Taten grew up in Sitka and Palmer, so the move to Kodiak was a welcome return to Alaska after teaching in Wyoming, Morocco, and Maryland. Taten and his wife, Jen, have two girls they're raising to appreciate outdoor adventures like salmon fishing, summer hiking, berry picking, foraging and canning. There’s no shortage of things to do and learn here.
“Kodiak is wonderful for that,” he says. “We’re a small town, but Kodiak has a lot
to offer. I think part of it is that we’re not on the road system. As an island we’ve
had to develop activities for ourselves–there are tons of sports activities, and extracurricular
options like karate and dance, Kodiak Arts Council, the Alutiiq preschool program.
A lot of small towns on the road system would have to drive to those.”
They’re a family of avid readers who frequent the Kodiak Public Library. A forever favorite read-aloud with Iris and Calla is "Ten Minutes till Bedtime", by Peggy Rathmann. Taten says he generally loves whatever he’s reading in the moment. Lately he’s been reading lots of graphic novel memoirs and historical fiction. He just finished Sally Heathcote: Suffragette. Taten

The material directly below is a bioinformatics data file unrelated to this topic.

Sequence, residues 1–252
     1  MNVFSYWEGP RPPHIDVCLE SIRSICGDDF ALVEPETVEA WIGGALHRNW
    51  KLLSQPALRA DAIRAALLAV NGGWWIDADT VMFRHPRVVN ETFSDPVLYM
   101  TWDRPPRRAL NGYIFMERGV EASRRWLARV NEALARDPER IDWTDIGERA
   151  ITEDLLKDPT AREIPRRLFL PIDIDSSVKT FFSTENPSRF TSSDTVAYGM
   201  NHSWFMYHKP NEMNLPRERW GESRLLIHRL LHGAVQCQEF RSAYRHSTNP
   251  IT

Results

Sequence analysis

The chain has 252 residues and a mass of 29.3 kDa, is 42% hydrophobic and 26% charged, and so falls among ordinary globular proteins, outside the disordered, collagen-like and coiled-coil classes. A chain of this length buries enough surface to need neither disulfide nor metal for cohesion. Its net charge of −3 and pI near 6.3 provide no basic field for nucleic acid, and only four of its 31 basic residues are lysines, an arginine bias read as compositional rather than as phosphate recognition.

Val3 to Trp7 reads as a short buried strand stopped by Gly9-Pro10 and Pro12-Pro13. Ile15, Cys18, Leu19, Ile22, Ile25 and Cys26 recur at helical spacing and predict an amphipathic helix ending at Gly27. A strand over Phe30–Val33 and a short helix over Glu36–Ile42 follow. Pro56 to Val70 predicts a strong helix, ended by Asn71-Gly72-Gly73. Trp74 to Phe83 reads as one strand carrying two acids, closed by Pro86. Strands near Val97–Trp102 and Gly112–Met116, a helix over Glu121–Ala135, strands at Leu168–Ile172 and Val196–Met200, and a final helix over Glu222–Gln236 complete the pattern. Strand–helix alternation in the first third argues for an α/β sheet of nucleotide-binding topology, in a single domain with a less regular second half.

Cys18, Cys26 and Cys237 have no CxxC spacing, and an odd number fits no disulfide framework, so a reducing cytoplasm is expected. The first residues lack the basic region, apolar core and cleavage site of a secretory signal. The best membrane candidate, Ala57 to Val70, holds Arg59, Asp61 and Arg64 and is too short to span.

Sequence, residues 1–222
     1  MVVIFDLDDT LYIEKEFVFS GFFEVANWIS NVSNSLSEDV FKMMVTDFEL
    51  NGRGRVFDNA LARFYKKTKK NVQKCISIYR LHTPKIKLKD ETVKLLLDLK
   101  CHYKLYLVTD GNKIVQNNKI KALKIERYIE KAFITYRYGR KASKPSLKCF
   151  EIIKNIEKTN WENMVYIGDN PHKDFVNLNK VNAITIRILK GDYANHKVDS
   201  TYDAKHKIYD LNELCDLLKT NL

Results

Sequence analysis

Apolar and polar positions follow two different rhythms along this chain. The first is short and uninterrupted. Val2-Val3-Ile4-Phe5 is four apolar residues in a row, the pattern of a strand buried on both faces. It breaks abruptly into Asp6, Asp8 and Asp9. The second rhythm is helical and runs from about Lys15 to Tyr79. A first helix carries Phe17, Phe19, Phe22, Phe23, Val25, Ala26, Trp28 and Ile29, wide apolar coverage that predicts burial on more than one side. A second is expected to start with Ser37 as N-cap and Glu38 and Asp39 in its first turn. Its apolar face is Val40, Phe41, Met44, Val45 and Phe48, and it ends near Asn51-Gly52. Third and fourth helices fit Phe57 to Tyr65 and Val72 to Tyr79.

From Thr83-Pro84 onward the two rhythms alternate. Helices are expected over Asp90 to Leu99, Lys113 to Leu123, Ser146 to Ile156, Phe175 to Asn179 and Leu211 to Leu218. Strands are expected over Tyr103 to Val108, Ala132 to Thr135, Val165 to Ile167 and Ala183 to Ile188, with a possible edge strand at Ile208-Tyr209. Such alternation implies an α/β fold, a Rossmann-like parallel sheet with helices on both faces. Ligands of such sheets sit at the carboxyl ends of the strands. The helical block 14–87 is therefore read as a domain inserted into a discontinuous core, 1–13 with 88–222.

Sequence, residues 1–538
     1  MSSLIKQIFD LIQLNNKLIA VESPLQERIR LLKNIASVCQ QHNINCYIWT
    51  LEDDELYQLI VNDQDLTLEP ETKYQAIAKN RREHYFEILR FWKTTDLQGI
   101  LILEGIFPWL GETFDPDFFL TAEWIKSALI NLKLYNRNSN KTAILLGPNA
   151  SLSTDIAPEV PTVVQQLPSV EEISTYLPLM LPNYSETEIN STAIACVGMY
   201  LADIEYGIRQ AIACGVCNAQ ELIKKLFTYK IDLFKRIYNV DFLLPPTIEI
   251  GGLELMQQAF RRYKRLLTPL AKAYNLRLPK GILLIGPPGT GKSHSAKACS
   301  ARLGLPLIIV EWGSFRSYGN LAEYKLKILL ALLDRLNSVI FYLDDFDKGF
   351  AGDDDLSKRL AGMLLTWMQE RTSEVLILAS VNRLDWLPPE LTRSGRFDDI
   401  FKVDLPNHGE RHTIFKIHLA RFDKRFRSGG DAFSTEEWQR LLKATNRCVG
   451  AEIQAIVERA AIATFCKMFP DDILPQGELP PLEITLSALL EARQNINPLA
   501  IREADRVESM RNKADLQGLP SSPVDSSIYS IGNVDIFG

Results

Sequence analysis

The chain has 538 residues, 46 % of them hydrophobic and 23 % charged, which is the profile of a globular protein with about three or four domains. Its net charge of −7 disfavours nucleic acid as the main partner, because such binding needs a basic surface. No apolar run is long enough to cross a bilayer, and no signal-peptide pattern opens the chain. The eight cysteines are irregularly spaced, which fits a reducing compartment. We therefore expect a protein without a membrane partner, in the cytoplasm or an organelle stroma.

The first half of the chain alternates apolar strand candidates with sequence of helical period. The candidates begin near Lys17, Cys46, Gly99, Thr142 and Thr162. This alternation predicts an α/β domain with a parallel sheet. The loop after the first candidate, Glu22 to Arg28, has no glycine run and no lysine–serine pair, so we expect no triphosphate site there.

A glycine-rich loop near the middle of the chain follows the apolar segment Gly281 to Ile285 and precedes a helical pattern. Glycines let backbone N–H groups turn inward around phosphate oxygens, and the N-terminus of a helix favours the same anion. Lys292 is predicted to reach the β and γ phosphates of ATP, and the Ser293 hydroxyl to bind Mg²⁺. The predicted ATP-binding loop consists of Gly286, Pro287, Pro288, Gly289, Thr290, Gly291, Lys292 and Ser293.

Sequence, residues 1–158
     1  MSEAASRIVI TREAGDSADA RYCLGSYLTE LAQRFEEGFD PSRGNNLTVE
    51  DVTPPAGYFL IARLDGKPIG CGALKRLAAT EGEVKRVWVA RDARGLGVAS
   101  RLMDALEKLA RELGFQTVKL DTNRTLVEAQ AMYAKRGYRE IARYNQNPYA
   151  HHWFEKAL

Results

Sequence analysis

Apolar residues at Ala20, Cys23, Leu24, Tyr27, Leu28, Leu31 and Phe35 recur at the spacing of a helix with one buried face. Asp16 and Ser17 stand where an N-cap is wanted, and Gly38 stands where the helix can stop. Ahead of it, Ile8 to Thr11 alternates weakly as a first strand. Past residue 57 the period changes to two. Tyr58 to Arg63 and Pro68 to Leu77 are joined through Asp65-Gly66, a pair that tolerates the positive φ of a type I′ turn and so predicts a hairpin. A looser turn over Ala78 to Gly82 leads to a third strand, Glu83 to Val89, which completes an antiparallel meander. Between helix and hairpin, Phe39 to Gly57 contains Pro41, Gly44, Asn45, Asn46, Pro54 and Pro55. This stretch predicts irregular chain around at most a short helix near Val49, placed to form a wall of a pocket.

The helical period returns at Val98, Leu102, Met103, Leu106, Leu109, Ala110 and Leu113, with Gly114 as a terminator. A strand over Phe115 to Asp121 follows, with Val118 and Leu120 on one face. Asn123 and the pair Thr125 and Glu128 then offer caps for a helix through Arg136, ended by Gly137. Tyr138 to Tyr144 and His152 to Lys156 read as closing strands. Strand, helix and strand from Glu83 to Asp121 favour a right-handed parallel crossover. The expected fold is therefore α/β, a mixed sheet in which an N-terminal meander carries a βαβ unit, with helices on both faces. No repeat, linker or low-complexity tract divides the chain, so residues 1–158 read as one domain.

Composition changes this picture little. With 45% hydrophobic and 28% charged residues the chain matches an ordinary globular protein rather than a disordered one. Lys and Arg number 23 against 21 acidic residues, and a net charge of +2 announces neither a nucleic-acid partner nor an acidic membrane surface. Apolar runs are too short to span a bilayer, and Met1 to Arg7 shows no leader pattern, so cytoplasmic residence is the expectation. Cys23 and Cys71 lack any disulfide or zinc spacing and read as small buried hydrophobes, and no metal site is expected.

also previously served on the Kodiak Public Library Association board and has helped with the library’s annual book sale and with Dog Eared Reads, a KPLA radio program on KMXT.
“My family and I have been really involved in activities like the community cleanup
events held by the Kodiak Chamber of Commerce and local nonprofit organizations. We really like doing these as a family–they're
a great way to help clean up our community and a fantastic hands-on experience for
kids to see how people can come together to accomplish something.
They're able to visually see what they've accomplished by filling bags with trash, and how quickly those can add up when everyone pitches in!”
What Taten values most about being at a community campus like Kodiak College is helping students. “With students just starting out, or coming back and returning after years to start a second career–having that opportunity to help them through that journey is wonderful,” he says. “I love working with students and helping them reach their goals and succeed and go wherever they want to go. Or if they were like me and undecided, helping them to figure out what they want to do, that’s something I love about teaching.”